The Cardiff Big Weekend
1st - 3rd August 2008

The Cardiff Big Weekend is described as "The UK’s biggest free outdoor music festival offering three days of quality live music", which it may well be, but, in my mind, it tends to conjure up scenes of
driving rain, dodgy portaloos and beer at £3.50 a pint. Friday and Saturday had not really had much to commend them music-wise with the headliners being The Men They Couldn't Hang and Prince Buster respectively, however Sunday promised better things with the ever pleasing Ash rounding things off.

I arrived in time to see The Automatic in full flow and given that they had recently lost their only charismatic member in Alex Pennie, they seemed to be trying their hardest to get the crowd going. New member Paul Mullen (ex yourcodenameismilo) seems to be fitting in well, but as a band they will forever be lumbered with the albatross that is the track "Monster" and try as they might I can't see them hitting those dizzy heights again. Whether to prove they are not a one-band-song, they did the aforementioned track early in the set, but unfortunately that meant that for the less dedicated fans there was little to look forward to. The new single "Steve McQueen" is getting quite a lot of air play, and sounded good live, so perhaps all is not lost. They finished off with "Raoul" just as the heavens opened for the first of several downpours.

The Automatic
(Pic Joe Sullivan)

Next up were the new saviours of rock'n'roll
Glasvegas and with the backing of their own personal svengali Alan McGee, it is only a matter of time before they are bigger than the Beatles (probably). The most obvious thing to say about them is they don't particularly look like rock stars. The lead guitarist Rab Allan looked like he had just come from a Hue & Cry video shoot in 1987 and appeared to be wearing a "Choose Life" T-shirt so favoured by Wham and Frankie Goes to Hollywood in the early '80s. The bass player appeared to be only about 15 and I'm sure that drummer, Caroline McKay, was in an episode of that TV great "Birds of a Feather". However despite their appearance, my God, have they got a BIG sound, part Phil Spector, part Jesus and Mary Chain, vocals by Richard Jobson mixed with a hint of House of Love. In truth until the CD comes out in September the only tracks I instantly recognised were "Geraldine" and "Daddys Gone", but suffice to say, none of the other songs deviated greatly from that formula, but were all warmly appreciated by the sizeable crowd.I'm seeing them again on the upcoming UK tour so for now I reserve judgement, but it was more than a promising start.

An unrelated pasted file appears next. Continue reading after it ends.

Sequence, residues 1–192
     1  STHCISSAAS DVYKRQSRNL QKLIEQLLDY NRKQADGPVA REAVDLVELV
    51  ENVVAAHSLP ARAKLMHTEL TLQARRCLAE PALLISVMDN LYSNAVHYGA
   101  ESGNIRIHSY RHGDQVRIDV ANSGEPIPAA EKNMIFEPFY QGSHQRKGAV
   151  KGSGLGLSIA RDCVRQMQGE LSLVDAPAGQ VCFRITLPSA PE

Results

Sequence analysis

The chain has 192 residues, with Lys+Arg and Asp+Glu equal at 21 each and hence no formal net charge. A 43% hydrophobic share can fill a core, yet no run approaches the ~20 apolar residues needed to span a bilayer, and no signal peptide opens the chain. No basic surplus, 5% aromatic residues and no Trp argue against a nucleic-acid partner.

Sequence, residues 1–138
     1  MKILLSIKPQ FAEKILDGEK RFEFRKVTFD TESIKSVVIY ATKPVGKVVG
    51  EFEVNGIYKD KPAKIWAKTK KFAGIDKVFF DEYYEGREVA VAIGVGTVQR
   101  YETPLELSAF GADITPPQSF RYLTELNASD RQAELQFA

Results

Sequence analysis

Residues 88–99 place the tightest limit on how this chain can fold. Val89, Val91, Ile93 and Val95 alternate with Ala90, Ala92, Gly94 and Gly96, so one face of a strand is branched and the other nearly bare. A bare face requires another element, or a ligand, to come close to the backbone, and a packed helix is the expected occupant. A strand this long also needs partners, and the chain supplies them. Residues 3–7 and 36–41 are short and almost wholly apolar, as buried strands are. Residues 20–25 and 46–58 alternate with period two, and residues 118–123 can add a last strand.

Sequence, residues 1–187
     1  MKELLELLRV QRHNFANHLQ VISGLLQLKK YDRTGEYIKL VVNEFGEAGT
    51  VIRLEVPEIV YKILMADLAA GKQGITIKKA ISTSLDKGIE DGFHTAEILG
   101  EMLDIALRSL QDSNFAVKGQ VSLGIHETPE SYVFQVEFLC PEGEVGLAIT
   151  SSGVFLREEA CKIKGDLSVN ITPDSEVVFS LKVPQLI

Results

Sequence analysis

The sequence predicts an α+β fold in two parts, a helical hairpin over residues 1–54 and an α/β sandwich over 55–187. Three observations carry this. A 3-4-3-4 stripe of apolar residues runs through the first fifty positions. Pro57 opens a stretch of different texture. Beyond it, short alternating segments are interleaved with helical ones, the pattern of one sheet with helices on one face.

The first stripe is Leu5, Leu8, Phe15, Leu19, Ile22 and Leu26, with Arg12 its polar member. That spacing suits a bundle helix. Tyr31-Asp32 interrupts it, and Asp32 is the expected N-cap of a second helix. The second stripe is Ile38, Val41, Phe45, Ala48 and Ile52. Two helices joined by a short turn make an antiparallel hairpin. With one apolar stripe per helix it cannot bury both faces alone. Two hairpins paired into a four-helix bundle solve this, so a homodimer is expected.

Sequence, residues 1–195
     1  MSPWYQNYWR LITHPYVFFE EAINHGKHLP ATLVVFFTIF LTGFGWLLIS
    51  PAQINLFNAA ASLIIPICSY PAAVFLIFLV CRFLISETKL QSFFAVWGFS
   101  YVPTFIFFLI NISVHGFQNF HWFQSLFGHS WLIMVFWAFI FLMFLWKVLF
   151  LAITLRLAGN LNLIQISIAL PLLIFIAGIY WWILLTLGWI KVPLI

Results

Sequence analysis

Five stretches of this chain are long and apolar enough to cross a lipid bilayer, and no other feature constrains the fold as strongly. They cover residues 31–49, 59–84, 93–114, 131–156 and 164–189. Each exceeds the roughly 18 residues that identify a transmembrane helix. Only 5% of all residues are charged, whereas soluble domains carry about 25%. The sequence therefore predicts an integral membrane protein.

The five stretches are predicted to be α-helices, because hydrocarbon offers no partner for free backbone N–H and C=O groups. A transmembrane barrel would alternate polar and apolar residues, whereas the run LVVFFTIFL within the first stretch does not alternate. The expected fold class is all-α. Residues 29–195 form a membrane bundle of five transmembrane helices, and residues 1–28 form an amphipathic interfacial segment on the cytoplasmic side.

(Pic - Pyranha)

I'll be honest in saying that I cannot name one Young Knives track and after last night that it not likely to change. Where as the previous band had been dressed only in black, they hit the stage in fetching tweed suits (not a look I find instantly appealing). Unfailingly cheery all the way through their set, they tried to engage the audience with small talk between songs and in fairness there were people present who found them entertaining. However it seemed to me that they just proved that the Mercury Prize judges give nominations, by in large, to bands that have no real relevance, and I spent the whole time they were on stage musing over the fact that guitarist Thomas "The House of Lords" Dartnall looked very much like a young Ronnie Barker (but unfortunately not as funny).

(Pic Pyrahna)

Finally headliners Ash arrived to provide a burst of energy to proceedings, although in truth their set list seemed to veer from classics to unknown new songs/album tracks with alarming regularity. Having shed the token women in Charlotte Hatherley they are back to a three piece with no discernable difference to their sound. Tim Wheeler is a likeable front man and an accomplished axe-god, especially when striking poses with his Gibson
flying V guitar. Most of the standards made an appearance with "Burn, Baby, Burn", "Shining Light", "A Life Less Ordinary", "Goldfinger", "Oh Yeah", "Orpheus" and "Girl From Mars" coming in quick succession. Maybe they were using tonight to give an airing to the songs from their debut LP "1977" that I see they are playing in its entirity at London Astoria in September. For me their finest moment will always be "Kung Fu", which is worrying since it was practically the first thing they ever did, and it is difficult to see where they can now go other than to periodically tour to play the old favourites to their,admittedly adoring, fans. But still, they seem like top
lads, and who can begrudge them the adulation they received tonight as they left the stage to the traditional night ending fireworks display, all paid for courtesy of Cardiff rate payers.

(Pic Amy Davies)